The anti-Corbyn coup and calls for a second referendum on Brexit

The attempted putsch against Labour Party leader Jeremy Corbyn is being mounted by a right-wing cabal, working in intimate collusion with the security services in Britain and the United States. Its main propaganda organ is the Guardian newspaper. The aim is to overturn the result of the June 23 referendum and ensure British membership of the European Union (EU) through the election of a suitably refashioned Labour Party, or its incorporation into a coalition government.

Almost every key figure in the moves against Corbyn that began following the Leave campaign’s victory is associated with the party’s Blairite wing. This involves not only the current crop of Labour MPs and shadow ministers, but the inner circle around former Prime Minister Tony Blair—Alastair Campbell, David Blunkett, Jack Straw and others. Vetted and approved by MI5 and MI6, and taking their instructions from the CIA, these unindicted war criminals have been activated to purge not only Corbyn but his support base from the party.

Corbyn’s declared opposition to austerity and militarism is viewed as an intolerable affront by the Blairites. From the 1980s onwards, culminating in the election of “New Labour,” they transformed the party into an instrument for implementing Thatcherite economic policies and pledged to an unconditional alliance with the United States in its wars of colonial conquest in Afghanistan and then Iraq.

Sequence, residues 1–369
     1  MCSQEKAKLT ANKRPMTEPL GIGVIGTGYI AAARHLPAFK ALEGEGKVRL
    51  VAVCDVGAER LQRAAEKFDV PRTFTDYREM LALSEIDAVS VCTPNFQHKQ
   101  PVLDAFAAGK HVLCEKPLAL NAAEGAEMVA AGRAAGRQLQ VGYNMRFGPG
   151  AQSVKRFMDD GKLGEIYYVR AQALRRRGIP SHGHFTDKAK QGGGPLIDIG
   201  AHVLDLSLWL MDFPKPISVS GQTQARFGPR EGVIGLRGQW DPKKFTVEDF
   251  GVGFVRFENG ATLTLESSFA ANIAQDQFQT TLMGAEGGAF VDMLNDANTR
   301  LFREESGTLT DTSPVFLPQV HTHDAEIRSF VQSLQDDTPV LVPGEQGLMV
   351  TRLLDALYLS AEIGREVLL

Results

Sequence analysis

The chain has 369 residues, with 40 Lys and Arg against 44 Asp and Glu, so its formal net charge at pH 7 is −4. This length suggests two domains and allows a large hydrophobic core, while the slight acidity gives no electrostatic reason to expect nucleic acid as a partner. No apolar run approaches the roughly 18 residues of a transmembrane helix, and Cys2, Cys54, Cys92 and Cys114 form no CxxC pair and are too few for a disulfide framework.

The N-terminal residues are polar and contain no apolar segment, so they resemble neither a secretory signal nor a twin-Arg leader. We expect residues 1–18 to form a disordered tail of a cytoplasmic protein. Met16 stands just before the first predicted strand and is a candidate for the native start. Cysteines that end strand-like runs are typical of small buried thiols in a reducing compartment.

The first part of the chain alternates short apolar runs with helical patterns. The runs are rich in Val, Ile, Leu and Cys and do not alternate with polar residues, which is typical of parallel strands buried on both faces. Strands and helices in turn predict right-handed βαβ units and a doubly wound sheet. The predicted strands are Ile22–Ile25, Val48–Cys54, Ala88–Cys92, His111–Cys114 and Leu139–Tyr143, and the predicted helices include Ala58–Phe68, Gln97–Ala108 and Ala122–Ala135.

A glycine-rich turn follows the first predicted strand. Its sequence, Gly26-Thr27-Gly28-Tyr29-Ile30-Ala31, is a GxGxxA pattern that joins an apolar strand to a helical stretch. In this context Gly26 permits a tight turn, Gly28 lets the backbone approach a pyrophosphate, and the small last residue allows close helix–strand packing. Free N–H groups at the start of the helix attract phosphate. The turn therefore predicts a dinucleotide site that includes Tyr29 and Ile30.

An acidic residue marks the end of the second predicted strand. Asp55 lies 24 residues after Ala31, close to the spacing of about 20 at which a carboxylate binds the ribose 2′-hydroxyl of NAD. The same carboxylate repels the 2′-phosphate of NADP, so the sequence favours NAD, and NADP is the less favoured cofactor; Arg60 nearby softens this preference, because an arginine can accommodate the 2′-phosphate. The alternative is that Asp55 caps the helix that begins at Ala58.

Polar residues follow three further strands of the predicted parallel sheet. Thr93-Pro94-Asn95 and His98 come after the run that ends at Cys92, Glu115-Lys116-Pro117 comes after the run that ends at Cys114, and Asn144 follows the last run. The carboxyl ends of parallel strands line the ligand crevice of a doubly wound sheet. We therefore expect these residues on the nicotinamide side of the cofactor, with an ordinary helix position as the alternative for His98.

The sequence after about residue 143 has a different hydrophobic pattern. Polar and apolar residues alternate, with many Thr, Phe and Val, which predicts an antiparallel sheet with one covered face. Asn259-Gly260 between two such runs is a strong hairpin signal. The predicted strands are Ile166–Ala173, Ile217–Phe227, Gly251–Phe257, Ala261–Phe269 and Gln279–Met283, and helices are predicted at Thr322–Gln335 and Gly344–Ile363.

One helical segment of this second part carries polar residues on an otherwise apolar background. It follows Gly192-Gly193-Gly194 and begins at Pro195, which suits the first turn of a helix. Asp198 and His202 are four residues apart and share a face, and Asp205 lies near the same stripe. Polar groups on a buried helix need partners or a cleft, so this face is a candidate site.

They have long viewed his election last year as the illegitimate consequence of the flawed decision to change Labour’s constitution and allow a popular vote for leader by members and supporters. But removing Corbyn became imperative after the referendum vote. The strategic interests of the ruling elite in Britain and the United States—especially as regards NATO and its military provocations against Russia—require that the result be rescinded. With Brexit forces now dominant inside the Conservative Party, Labour is the chosen instrument for this reactionary project.

Washington’s demands were made clear by US Secretary of State John Kerry, who informed reporters Wednesday that the referendum result could be reversed. “I think there are a number of ways” to do this, he said, although he didn’t “want to throw them out today.”

The next day, the Guardian published an op-ed piece by Robert Hunter. Its readers were not informed that Hunter is a high-level US state operative. The former president of the Atlantic Treaty Association, and US ambassador to NATO—amongst numerous other key US military appointments—he is described on Wikipedia as “helping to ‘recreate’ NATO, and breaking down barriers between NATO and the European Union.”